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This is a power-point presentation on DNA structure and Dna replication

This is a power-point presentation on DNA structure and Dna replication

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  • 1. GUMEDE ESTHER NTOMBIFUTHI 3RD YEAR UNIVERSITY OF JOHANNESBURG 2014
  • 2. NUCLEIC ACIDS :
  • 3. DNA Structure DNA consists of two molecules that are arranged into a ladder-like structure called a Double Helix. A molecule of DNA is made up of millions of tiny subunits called Nucleotides. Each nucleotide consists of: 1. Phosphate group 2. Pentose sugar-Deoxyribose 3. Nitrogenous base
  • 4. Nucleotides Phosphate Nitrogenous Base Pentose Sugar
  • 5. DNA Structure Helps Explain How It Duplicates DNA is made up of two nucleotide strands held together by hydrogen bonds Hydrogen bonds between two strands are easily broken Each single strand then serves as template for new strand
  • 6. DEOXYRIBONUCLEIC ACID DNA usually exists as a double-stranded structure, with both strands coiled together to form the characteristic double-helix. Each single strand of DNA is a chain of four types of nucleotides having the bases: Adenine Cytosine Guanine Thymine 03/07/14 Pranabjyoti Das 6
  • 7. Nucleotides The phosphate and sugar form the backbone of the DNA molecule, whereas the bases form the “rungs”. There are four types of nitrogenous bases.
  • 8. Orientation of DNA on the sugar ring are The carbon atoms numbered for reference. The 5’ and 3’ hydroxyl groups (highlighted on the left) are used to attach phosphate groups.  The directionality of a DNA strand is due to the orientation of the phosphate-sugar backbone.
  • 9. Nucleotides A Adenine C Cytosine T Thymine G Guanine
  • 10. Nucleotides Each base will only bond with one other specific base. Adenine (A) Thymine (T) Cytosine (C) Guanine (G) Form a base pair. Form a base pair.
  • 11. DNA Structure A gene is a section of DNA that codes for a protein. Each unique gene has a unique sequence of bases. This unique sequence of bases will code for the production of a unique protein. It is these proteins and combination of proteins that give us a unique phenotype.
  • 12. DNA Gene Protein Trait
  • 13. A Nucleoside is a combination of Pentose sugar & Nitrogen Base A Nucleotide is a combination of nucleoside & Phosphoric Acid 03/07/14 Pranabjyoti Das 13
  • 14. P T A 5’ C G P 3’ P DNA has directionality. P P P C Two nucleotide chains together wind into a helix. G A P P T P P G Hydrogen bonds between paired bases hold the two DNA strands together. C P P G 3’ C DNA strands are antiparallel. P P A sugar and phosphate “backbone” connects nucleotides in a chain. 5’
  • 15. DNA BACKBONE 03/07/14 Pranabjyoti Das 15
  • 16. Nucleotides are matched between strands through hydrogen bonds to form base pairs. Adenine pairs with thymine and cytosine pairs with guanine 03/07/14 Pranabjyoti Das 16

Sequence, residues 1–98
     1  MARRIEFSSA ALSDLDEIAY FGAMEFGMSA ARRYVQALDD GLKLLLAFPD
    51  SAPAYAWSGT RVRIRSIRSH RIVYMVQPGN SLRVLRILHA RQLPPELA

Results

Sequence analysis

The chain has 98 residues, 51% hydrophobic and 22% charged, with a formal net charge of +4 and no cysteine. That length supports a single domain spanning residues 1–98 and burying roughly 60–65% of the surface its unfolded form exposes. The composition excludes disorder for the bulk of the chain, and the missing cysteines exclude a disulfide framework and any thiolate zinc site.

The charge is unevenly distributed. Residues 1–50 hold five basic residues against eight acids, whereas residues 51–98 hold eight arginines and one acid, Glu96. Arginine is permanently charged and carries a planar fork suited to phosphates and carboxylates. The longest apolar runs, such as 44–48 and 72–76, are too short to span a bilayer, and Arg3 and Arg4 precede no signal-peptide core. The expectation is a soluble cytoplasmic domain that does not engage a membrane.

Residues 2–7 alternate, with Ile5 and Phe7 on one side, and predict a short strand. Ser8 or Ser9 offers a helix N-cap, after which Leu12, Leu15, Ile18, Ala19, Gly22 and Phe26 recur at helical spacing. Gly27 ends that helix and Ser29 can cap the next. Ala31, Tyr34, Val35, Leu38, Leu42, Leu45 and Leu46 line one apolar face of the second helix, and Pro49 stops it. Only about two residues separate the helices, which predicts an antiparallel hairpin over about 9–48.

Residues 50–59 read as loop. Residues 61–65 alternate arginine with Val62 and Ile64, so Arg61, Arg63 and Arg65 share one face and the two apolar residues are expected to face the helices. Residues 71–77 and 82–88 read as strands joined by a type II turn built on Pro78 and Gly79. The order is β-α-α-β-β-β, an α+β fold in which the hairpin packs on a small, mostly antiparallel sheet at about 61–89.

• 17. These terms refer to the carbon atom in deoxyribose to which the next phosphate in the chain attaches. Directionality has consequences in DNA synthesis, because DNA polymerase can synthesize DNA in only one direction by adding nucleotides to the 3' end of a DNA strand. 03/07/14 Pranabjyoti Das 17
  • 18. The pairing of bases in DNA through hydrogen bonding means that the information contained within each strand is redundant. The nucleotides on a single strand can be used to reconstruct nucleotides on a newly synthesized partner strand. 03/07/14 Pranabjyoti Das 18
  • 19. Functions DNA is used to store genetic information It is replicated before cell division DNA is very important so it is stored in the nucleus. It never leaves the nucleus Your DNA stores the code for your proteins, which exhibit your “traits” The DNA gets converted to RNA in order to move out into the cytoplasm
  • 20. 03/07/14 Pranabjyoti Das 20
  • 21. DNA replication is a biological process that occurs in all living organisms and copies their exact DNA. It is the basis for biological inheritance. 03/07/14 Pranabjyoti Das 21
  • 22.  Each old strand stays intact  Each new DNA molecule is half “old” and half “new” Fig. 1-7, p.212
  • 23. The first major step for the DNA Replication to take place is the breaking of hydrogen bonds between bases of the two antiparallel strands. The unwounding of the two strands is the starting point. The splitting happens in places of the chains which are rich in A-T. That is because there are only two bonds between Adenine and Thymine. There are three hydrogen bonds between Cytosine and Guanine.  03/07/14 Pranabjyoti Das 23
  • 24. Helicase is the enzyme that splits the two strands. The structure that is created is known as "Replication Fork". 03/07/14 Pranabjyoti Das 25
  • 25. 03/07/14 In order for DNA replication to begin, the double stranded DNA helix must first be opened. The sites where this process first occurs are called replication origins. Helicase unwinds the two single strands 26 Pranabjyoti Das
  • 26. Replication 3’ 3’ 5’ 5’ 3’ 5’ 3’ 5’ Helicase protein binds to DNA sequences called origins and unwinds DNA strands. Binding proteins prevent single strands from rewinding. Primase protein makes a short segment of RNA complementary to the DNA, a primer.
  • 27. Overall direction of replication 3’ 3’ 5’ 5’ 3’ 5’ 3’ 5’ DNA polymerase enzyme adds DNA nucleotides to the RNA primer.
  • 28. Overall direction of replication 3’ 3’ 5’ 5’ 3’ 5’ Leading strand synthesis continues in a 5’ to 3’ direction. 3’ 5’
  • 29. Overall direction of replication 3’ 3’ 5’ 5’ Okazaki fragment 3’ 5’ 3’ 5’ Leading strand synthesis continues in a 5’ to 3’ direction. Discontinuous synthesis produces 5’ to 3’ DNA segments called Okazaki fragments. 3’ 5’